Netflix: "Not Fantastic, But Reasonable"
From “In The Right ZIP Code” (July 2022):
“Mr. Market is clearly concerned by this recent course of events; despite a nice pop for the stock in response to the Q2 results, NFLX is still down ~70% from its November 2021 highs. The question that matters most to me is what these recent results indicate about the long-term health of the business; is Netflix wilting in the face of heightened competition, or does it have some combination of factors – namely competitive advantages and a best-in-class leadership team - that will enable the company to navigate through this current malaise while continuing to hold onto the leadership position that it has established in the global streaming / VOD business?”
With another quarter behind us, the story continues to evolve. Netflix returned to sub growth in Q3, with ~2.4 million sequential net adds putting it back on track for customer growth in FY22 (as a reminder, Netflix lost ~1.2 million net subs in 1H FY22). In addition, Netflix is quickly approaching two important consumer-facing changes to its business: the launch of an ad-supported tier and a crackdown on password sharing. As always, my objective is to try and decipher how these recent developments impact the long-term health of the business, which is the key consideration for the long-term investment thesis.
I won’t bury the lede: I think Netflix remains in the pole position in the global streaming / VOD business, and I expect that the long-term results for the winners in this industry (as measured in terms of revenues and profits / free cash flow) will be significantly improved relative to their current standing.
An Update on UCAN
As I discussed last quarter, Netflix’s results over the past five-plus years in the most competitive market in the world provide a strong indication that this company is positioned for long-term success (“This is the Netflix playbook – and it’s working.”). This quarter provided further evidence to support that argument, with a slight increase in the UCAN sub base (to ~73.4 million paid members) despite a double digit YoY increase in average revenue per membership (ARM) and a large number of high profile content releases from competing services. I won’t read too deeply into the results from a single quarter, but I’d argue Netflix’s numbers over the past few years (during a period of significantly heightened competitive activity, which has included frequent promotional offers from emerging players at low price points with the hope of driving sub growth) are supportive of a point I’ve made previously: Netflix has replaced linear TV for millions of U.S. households as the place to start their viewing experience at night. That is a very attractive position (mind share) to hold, and it presents something of a “chicken or the egg” problem for its competitors (especially those with significant financial leverage who do not have the ability or willingness to incur years of multi-billion dollar losses / negative FCF in the DTC business); my view has been, and continues to be, that Netflix will largely be able to maintain its separation from the pack.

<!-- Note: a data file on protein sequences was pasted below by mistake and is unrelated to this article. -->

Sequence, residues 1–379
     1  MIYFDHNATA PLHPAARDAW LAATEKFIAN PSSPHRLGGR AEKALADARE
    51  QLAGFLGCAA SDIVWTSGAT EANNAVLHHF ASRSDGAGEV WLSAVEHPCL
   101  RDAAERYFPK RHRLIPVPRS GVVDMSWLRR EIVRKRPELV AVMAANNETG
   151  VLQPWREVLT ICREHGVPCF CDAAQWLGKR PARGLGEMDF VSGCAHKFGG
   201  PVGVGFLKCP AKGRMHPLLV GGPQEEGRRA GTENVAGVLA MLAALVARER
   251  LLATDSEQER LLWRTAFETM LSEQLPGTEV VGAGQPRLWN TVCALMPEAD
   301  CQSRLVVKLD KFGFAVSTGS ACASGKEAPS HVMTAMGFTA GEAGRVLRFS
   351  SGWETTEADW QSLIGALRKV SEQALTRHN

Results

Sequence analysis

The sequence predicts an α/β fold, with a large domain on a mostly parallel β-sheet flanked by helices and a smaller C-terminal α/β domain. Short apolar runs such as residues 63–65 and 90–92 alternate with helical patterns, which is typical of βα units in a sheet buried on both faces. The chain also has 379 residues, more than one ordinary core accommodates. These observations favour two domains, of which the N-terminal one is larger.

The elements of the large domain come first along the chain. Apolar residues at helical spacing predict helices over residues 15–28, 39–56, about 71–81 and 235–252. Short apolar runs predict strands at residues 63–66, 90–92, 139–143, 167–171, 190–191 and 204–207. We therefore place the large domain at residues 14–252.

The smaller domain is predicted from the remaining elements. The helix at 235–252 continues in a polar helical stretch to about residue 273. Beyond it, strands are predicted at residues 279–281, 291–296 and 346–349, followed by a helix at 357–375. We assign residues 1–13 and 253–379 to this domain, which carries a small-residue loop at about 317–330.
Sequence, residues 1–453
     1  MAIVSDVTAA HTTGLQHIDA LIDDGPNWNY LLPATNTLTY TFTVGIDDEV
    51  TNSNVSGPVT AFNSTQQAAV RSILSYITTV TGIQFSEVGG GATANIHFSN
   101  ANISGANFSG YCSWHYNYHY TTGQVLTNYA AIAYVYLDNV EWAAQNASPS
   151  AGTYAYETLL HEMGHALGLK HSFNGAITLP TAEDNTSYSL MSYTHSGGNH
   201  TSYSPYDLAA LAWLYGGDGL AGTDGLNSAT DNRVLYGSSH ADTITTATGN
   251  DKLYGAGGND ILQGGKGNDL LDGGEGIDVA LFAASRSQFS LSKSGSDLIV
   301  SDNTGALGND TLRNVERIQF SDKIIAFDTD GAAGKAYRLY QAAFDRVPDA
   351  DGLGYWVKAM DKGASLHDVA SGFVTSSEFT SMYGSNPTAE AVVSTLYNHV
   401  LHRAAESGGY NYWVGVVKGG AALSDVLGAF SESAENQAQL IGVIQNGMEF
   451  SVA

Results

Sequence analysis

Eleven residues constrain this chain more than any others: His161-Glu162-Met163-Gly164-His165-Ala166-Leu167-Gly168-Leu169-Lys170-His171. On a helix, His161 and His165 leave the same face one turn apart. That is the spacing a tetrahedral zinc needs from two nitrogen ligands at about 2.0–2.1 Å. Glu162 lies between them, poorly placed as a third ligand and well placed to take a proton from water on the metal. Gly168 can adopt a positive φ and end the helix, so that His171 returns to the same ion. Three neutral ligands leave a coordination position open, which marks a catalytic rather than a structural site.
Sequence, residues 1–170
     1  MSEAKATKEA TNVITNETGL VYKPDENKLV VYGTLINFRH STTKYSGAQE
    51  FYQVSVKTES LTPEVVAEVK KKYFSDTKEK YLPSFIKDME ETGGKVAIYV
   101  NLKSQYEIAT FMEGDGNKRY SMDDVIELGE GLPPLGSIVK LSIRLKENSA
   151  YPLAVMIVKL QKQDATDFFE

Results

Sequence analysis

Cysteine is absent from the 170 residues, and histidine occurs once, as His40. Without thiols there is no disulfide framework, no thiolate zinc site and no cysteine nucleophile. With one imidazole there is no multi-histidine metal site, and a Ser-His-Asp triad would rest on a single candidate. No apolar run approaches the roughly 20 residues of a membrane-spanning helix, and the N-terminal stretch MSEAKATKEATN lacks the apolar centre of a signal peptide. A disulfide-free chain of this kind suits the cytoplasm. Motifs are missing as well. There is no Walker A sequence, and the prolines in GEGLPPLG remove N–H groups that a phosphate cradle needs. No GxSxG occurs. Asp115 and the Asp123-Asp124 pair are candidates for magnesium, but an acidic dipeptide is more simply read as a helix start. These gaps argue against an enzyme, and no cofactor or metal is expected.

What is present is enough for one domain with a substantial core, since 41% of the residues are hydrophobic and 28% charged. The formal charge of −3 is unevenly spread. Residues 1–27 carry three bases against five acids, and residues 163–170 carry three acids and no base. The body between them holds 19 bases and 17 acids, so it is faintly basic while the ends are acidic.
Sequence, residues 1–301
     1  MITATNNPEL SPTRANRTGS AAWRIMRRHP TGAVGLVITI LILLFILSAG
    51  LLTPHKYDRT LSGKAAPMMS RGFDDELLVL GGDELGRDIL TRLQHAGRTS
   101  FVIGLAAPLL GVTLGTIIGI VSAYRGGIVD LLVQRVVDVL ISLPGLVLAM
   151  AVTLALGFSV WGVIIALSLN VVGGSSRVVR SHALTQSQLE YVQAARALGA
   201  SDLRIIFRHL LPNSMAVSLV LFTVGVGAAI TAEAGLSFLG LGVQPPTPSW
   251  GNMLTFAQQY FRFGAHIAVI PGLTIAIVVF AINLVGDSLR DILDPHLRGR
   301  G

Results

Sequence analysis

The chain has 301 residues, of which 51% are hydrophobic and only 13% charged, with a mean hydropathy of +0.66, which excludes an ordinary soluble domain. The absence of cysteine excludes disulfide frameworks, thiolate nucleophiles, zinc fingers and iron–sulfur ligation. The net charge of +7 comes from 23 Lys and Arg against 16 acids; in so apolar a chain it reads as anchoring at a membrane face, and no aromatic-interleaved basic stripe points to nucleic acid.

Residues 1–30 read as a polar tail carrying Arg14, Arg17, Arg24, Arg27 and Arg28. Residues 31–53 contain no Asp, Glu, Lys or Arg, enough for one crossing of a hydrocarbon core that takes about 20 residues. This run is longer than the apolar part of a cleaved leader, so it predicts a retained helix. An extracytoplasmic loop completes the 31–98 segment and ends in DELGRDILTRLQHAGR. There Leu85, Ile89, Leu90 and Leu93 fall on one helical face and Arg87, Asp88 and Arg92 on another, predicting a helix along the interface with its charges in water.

On top of its strong position within the UCAN market, Netflix’s business shines even brighter when its viewed across the global stage. As shown below, revenues have increased at a ~22% CAGR over the past five years, with an outsized contribution from International (since YE FY18, quarterly International revenues have more than doubled, to ~$4.3 billion in Q3).